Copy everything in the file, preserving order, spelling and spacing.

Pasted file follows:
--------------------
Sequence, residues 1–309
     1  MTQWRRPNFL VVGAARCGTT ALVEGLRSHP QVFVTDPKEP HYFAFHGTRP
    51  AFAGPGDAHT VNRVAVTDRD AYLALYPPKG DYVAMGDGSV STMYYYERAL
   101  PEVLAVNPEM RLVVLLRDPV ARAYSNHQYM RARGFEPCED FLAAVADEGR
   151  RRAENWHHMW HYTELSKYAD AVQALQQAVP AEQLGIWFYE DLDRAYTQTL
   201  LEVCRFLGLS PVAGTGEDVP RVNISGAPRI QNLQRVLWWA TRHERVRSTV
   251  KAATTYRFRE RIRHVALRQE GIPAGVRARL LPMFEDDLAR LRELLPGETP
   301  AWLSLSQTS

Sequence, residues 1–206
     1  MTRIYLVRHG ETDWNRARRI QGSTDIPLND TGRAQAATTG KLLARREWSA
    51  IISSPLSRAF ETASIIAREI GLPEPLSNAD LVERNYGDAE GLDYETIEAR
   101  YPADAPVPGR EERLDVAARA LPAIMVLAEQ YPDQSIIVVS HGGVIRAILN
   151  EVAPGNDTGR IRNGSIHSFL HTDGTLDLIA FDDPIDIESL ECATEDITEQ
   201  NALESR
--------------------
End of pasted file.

Sequence, residues 1–309
     1  MTQWRRPNFL VVGAARCGTT ALVEGLRSHP QVFVTDPKEP HYFAFHGTRP
    51  AFAGPGDAHT VNRVAVTDRD AYLALYPPKG DYVAMGDGSV STMYYYERAL
   101  PEVLAVNPEM RLVVLLRDPV ARAYSNHQYM RARGFEPCED FLAAVADEGR
   151  RRAENWHHMW HYTELSKYAD AVQALQQAVP AEQLGIWFYE DLDRAYTQTL
   201  LEVCRFLGLS PVAGTGEDVP RVNISGAPRI QNLQRVLWWA TRHERVRSTV
   251  KAATTYRFRE RIRHVALRQE GIPAGVRARL LPMFEDDLAR LRELLPGETP
   301  AWLSLSQTS

Sequence, residues 1–206
     1  MTRIYLVRHG ETDWNRARRI QGSTDIPLND TGRAQAATTG KLLARREWSA
    51  IISSPLSRAF ETASIIAREI GLPEPLSNAD LVERNYGDAE GLDYETIEAR
   101  YPADAPVPGR EERLDVAARA LPAIMVLAEQ YPDQSIIVVS HGGVIRAILN
   151  EVAPGNDTGR IRNGSIHSFL HTDGTLDLIA FDDPIDIESL ECATEDITEQ
   201  NALESR